How Ali Kiba's transgressions expose the intricacies of cheating in marriage


In the intricate dance of love and relationships, infidelity stands as a compelling yet delicate subject.

The recent revelations by Amina Khaleef, a Kenyan married to the Tanzanian music star Ali Kiba, have cast a spotlight on the challenges faced by couples, sparking conversations about respect, trust, and the complexities of fidelity.

In a candid social media post, Amina expressed her frustration, accusing Ali Kiba of disrespect and infidelity, leading her to seek freedom through divorce.

“While you are out socialising with others on the side, you exhaust me in this marriage, claiming to protect your image as my husband,” said Amina earlier this year.

Amina addressed the “Mapenzi yana Run Dunia” singer, expressing her frustration with their marriage and her desire for freedom. The mother of two made her plea public on her social media platforms, urging the singer to agree to her request for a divorce and describing him as an abuser who disrespects her.

“I feel the need to address this. I think it’s getting too much!!! I am tired of being publicly disrespected while people don’t understand what it is like to be somebody’s wife,” Amina Khaleef wrote in her post, addressing the divorce rumours surrounding their marriage. Having concluded that she is finished with the union and no longer envisions herself in the marriage, Amina criticized the father of her two sons. She accused him of keeping her trapped in a loveless marriage while he continues to engage with other women on the side.

However, this is not the first time the couple has shared their marital struggles on social media. In 2022, Amina declared her departure from Kiba’s family residence, citing the realization that she had married someone about whom she knew very little.

Discreet involvement

Radio host Diva the Bawse revealed in a candid post the previously undisclosed details of her discreet involvement with the married Ali Kiba.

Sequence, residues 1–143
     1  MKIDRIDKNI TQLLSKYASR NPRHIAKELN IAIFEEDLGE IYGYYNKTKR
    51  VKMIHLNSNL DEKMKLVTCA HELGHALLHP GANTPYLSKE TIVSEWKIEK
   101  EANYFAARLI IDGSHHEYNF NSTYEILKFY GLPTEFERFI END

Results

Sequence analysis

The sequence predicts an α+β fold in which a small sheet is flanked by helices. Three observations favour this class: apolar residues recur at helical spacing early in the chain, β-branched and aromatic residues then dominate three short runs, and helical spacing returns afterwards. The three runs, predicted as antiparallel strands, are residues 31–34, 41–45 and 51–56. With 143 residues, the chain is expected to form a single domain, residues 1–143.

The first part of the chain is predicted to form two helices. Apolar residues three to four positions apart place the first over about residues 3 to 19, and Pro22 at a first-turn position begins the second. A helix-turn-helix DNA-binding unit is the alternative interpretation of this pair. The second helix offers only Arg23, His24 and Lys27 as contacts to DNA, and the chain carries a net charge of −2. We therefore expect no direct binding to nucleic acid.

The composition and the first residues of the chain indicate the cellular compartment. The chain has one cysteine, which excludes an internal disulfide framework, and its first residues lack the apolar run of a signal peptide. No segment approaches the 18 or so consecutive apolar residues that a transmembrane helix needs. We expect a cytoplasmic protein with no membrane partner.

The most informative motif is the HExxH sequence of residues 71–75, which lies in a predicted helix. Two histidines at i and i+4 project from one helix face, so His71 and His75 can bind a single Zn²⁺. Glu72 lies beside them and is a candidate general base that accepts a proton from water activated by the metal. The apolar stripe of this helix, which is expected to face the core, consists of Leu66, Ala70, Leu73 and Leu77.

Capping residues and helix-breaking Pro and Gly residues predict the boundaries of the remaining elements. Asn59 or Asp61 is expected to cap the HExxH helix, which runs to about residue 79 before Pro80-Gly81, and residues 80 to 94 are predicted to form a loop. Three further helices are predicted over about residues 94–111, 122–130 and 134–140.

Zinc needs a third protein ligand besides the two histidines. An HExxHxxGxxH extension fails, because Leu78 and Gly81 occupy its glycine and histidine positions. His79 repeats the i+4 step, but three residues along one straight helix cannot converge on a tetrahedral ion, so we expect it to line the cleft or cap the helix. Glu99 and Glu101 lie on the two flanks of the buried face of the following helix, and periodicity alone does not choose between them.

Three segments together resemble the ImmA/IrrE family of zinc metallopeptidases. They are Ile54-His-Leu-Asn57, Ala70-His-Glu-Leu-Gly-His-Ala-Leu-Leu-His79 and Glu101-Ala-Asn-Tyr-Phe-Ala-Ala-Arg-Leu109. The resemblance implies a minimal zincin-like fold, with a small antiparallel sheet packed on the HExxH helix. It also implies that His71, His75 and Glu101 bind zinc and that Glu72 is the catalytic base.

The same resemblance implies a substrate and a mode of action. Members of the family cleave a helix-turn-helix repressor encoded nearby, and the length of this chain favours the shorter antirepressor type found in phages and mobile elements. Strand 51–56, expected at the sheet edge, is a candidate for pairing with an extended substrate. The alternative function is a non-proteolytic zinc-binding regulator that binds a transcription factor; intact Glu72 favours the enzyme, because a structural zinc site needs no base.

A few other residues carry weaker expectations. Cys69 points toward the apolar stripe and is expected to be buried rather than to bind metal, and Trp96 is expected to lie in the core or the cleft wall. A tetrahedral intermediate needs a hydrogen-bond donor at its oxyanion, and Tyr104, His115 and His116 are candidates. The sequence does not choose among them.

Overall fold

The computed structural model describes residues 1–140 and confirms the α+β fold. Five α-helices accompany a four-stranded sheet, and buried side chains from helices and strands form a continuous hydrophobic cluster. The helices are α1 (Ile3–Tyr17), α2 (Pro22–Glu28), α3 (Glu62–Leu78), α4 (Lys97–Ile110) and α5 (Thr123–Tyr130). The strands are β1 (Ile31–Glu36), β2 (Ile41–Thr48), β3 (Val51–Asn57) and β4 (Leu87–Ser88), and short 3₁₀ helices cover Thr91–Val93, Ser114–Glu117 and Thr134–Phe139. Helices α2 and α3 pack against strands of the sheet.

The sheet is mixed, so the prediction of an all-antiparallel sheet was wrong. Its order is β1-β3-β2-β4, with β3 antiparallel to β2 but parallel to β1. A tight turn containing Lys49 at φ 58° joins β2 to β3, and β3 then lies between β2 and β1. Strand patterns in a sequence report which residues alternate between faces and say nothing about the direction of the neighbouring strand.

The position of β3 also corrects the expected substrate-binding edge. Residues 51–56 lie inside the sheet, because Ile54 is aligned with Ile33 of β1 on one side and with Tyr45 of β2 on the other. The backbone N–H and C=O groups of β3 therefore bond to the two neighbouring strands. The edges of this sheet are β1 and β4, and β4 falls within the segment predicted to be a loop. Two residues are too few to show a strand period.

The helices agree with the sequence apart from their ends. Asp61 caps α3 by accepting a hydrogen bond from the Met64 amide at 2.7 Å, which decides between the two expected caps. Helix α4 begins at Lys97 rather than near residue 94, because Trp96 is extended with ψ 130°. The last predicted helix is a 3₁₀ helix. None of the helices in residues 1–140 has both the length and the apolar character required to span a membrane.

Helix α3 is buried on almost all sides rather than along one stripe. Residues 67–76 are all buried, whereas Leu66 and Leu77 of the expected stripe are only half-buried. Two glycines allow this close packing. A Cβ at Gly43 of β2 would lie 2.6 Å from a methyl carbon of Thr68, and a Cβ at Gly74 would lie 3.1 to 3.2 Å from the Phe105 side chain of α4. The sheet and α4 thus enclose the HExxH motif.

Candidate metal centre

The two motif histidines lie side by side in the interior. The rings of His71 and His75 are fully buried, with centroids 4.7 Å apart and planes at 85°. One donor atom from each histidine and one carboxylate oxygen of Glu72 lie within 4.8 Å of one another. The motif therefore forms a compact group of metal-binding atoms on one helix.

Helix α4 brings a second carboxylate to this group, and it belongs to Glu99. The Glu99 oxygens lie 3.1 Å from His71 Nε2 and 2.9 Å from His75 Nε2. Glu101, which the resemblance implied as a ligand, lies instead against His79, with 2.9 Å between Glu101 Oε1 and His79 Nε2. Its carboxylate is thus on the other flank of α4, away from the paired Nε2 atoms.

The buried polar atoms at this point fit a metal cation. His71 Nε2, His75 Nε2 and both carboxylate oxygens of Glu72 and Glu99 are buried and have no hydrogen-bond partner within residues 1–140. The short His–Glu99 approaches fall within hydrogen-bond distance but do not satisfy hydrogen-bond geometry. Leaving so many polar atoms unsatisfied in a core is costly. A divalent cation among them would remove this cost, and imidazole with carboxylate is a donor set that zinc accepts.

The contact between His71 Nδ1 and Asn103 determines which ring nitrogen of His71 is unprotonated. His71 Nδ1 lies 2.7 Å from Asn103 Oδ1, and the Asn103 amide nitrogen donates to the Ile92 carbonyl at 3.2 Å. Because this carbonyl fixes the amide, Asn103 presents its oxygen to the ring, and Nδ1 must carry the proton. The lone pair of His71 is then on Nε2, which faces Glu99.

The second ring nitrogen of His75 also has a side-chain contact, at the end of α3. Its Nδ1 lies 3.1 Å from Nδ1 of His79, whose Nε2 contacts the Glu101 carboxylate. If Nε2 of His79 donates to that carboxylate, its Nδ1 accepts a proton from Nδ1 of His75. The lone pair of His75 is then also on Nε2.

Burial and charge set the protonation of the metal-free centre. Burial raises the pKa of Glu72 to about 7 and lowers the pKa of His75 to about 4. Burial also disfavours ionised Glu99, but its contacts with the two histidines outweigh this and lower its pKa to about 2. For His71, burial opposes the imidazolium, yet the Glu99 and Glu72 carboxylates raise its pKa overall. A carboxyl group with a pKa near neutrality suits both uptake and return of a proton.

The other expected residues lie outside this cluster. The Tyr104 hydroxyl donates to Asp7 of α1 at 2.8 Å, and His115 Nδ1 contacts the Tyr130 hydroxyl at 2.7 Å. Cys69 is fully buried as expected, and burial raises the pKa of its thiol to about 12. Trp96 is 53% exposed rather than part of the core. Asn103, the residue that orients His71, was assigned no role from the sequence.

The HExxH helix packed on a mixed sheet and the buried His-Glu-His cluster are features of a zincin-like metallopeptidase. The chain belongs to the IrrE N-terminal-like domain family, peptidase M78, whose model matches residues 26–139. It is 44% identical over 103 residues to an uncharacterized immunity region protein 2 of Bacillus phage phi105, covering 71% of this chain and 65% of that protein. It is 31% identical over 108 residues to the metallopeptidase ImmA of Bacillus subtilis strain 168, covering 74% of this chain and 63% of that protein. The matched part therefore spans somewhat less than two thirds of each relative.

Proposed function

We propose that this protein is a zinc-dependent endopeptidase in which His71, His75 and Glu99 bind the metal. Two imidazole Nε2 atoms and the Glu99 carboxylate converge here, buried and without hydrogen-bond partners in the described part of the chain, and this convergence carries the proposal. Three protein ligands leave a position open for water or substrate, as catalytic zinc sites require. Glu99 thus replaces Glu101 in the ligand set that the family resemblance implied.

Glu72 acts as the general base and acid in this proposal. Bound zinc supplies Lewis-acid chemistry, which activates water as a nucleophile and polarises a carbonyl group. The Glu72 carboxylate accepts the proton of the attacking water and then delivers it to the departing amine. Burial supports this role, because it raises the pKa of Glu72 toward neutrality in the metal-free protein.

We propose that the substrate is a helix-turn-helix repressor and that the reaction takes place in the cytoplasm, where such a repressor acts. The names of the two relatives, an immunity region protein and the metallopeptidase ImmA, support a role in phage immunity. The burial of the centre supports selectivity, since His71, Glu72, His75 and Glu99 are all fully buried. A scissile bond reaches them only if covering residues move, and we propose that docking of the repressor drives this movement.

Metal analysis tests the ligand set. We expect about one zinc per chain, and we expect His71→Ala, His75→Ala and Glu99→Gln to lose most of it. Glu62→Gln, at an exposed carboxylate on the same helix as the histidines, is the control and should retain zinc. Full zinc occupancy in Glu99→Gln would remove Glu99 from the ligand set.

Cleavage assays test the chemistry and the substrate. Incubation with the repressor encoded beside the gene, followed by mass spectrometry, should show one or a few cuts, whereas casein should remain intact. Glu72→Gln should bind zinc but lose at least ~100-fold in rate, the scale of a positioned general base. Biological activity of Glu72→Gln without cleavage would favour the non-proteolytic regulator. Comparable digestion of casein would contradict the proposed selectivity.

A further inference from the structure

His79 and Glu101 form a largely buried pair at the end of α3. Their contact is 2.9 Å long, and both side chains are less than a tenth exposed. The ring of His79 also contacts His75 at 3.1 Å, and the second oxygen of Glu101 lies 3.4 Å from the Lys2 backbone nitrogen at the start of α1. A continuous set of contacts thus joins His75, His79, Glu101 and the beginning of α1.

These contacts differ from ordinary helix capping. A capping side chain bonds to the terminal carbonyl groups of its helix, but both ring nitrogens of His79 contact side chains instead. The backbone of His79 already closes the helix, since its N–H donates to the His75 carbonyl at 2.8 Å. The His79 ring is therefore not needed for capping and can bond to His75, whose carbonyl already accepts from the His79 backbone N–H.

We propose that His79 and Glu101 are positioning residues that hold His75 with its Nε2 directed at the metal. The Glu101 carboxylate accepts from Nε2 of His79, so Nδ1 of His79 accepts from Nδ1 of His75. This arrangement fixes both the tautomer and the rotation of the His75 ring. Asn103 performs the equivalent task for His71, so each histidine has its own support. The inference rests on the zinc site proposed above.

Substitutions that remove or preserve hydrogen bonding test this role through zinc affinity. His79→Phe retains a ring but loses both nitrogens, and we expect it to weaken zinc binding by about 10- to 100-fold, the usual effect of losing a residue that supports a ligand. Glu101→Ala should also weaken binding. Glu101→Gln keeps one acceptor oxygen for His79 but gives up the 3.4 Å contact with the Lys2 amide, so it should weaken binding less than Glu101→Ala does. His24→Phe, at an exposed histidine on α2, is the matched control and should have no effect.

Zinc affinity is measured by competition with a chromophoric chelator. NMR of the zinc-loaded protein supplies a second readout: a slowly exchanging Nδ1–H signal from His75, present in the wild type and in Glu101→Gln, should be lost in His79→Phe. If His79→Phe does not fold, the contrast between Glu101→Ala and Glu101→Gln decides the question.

Diva the Bawse

“I told you so many times that you are a married man and even blocked you. I handled things peacefully, but with your anger, you are sending people to fight me,” the Diva said, adding, “Remember you pleaded to see me in the middle of the night, saying you cannot sleep without seeing me? Why did you cry last night then? Why did you say so many things yesterday?! Why all the madness and anger? You have the right to be hurt, yes, but don’t troll because you are hurt. You want to seem very confident, and yet you cry like a baby behind the scenes. Why? Be real. I can’t believe this.”

Other stories of infidelity have surfaced with Nairobi businesswoman Elizabeth Yogo stating that the rise of technology has created a new frontier for unfaithfulness.

“Social media and dating apps provide opportunities for individuals to engage in flirtatious or intimate conversations with people outside their relationships. Online relationships, if left unchecked, can escalate into a breach of trust,” she explained.

She explained: “A man should not be overly happy. First things first, deal with that happiness. You can’t be married and happy! Then the rest will follow.”

Another lady, who divorced early last year and also called Elizabeth, and preferred we use one name, explained that during that marriage, her husband’s cousin used to visit her with a friend. She says that anytime they visited their home, the husband would send her shopping or to the salon. She became curious and checked the phone to realize that the husband was sleeping with the lady in their matrimonial bed.